It started with books. And remember when people were dubious about Amazon ever making money? This is a company that has changed how Americans shop, and, as a result, large swathes of the American economy. The Washington Post and Whole Foods are now in its trophy case. Doubters of Amazon and its footprint have ended up on the wrong side of history. Now add in the Oracle of Omaha and the country’s largest bank.
The Warren Buffet quote in the announcement yesterday compared health care costs to a hungry (is there any other kind?) tapeworm.
Before the announcement, Bob Herman at Axios had posted a story based on data from the U.S. Bureau of Economic Analysis that showed corporate profits as a percentage of GDP rising (from 4.7% to 9.1%) from 2000 to 2016 while wage and salaries sank (from 46.9% to 43.4%) and the money employer spent on health insurance staying pretty much the same (increasing slightly from 3.2% to 3.5%).
Herman’s multipronged bottom line is that a) American workers are not sharing the good fortunes of their employers, b) employers are not spending that much more on health insurance, and c) workers are shouldering the rising prices for health care in the form of higher deductibles, coinsurance, and copayments.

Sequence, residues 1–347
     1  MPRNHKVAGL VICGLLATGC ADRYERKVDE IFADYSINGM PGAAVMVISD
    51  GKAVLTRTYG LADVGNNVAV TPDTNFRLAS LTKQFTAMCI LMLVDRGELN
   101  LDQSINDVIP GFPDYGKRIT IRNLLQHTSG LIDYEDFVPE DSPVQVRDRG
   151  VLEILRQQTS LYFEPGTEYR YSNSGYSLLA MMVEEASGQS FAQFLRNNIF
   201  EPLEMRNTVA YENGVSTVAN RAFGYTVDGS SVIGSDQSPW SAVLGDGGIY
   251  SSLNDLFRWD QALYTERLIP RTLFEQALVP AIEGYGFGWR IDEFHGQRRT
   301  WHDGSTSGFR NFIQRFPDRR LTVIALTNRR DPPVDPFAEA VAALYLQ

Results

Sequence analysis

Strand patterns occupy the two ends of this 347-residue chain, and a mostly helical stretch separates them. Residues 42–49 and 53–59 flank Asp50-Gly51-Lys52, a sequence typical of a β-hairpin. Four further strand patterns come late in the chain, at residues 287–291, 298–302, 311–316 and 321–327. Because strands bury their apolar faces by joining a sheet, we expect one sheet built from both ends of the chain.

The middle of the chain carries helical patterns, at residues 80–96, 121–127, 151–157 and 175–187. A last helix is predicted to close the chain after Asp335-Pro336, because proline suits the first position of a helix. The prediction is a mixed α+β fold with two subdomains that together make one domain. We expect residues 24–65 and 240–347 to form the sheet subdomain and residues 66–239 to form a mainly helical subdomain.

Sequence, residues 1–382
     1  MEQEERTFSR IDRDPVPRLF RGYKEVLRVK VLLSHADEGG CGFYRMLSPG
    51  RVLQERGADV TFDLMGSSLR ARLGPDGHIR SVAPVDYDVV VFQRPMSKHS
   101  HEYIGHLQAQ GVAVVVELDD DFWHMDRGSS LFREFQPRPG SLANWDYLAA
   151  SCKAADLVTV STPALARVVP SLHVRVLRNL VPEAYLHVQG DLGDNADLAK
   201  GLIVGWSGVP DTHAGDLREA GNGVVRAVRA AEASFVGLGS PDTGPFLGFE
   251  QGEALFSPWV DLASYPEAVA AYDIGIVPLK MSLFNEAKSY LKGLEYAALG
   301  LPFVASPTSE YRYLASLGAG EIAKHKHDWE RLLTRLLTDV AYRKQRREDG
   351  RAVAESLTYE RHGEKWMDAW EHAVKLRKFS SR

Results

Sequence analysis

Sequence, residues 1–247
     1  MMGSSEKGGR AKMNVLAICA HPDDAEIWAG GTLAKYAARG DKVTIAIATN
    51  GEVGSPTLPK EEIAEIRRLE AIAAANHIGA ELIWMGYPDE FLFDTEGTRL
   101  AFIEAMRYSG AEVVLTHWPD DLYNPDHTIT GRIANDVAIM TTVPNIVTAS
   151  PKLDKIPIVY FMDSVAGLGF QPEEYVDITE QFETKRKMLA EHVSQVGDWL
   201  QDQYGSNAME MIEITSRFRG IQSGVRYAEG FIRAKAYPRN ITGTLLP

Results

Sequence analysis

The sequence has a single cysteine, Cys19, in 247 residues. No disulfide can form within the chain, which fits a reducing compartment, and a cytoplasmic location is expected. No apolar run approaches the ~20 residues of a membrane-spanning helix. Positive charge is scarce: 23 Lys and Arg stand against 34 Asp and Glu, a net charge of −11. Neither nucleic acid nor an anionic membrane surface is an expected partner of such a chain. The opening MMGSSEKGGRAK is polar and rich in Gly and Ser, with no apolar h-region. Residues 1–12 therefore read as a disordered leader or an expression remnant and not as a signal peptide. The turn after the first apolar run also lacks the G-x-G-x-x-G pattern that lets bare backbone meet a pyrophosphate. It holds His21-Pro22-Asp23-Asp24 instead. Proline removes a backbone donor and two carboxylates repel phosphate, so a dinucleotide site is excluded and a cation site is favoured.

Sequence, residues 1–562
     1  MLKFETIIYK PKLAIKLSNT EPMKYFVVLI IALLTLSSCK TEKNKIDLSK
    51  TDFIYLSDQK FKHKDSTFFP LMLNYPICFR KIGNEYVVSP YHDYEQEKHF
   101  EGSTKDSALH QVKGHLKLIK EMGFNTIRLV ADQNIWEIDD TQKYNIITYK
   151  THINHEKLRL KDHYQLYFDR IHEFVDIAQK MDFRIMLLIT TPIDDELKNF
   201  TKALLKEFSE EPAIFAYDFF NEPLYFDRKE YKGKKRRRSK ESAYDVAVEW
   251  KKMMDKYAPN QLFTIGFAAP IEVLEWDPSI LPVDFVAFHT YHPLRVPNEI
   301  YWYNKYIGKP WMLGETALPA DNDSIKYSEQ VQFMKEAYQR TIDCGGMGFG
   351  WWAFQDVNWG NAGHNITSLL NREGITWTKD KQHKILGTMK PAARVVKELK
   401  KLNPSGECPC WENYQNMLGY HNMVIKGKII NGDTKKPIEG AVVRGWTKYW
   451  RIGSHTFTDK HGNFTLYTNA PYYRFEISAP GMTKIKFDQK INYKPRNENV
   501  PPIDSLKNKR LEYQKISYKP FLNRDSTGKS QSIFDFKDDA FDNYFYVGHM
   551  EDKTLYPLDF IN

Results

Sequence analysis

François de Brantes at the Altarum Institute made a similar point from a different angle by tweeting a slide that shows that health care as a share of American household spending increased by 67% from 1984 to 2014, the largest increase by far of any category. In comparison, household spending on personal insurance and pensions—the money set aside in 401(k) plans that have replaced pensions—increased by 24%, and spending on housing increased by 9.5%. “Consumers have gotten the short end of the health care stick,” de Brantes tweeted.
The ACA focused minds (and some hearts) on getting Americans insurance coverage. But in the emerging post-ACA world, high health care prices are beginning to dominate the health care airwaves. Amazon became a goliath partly because it pushed down prices, nicht wahr?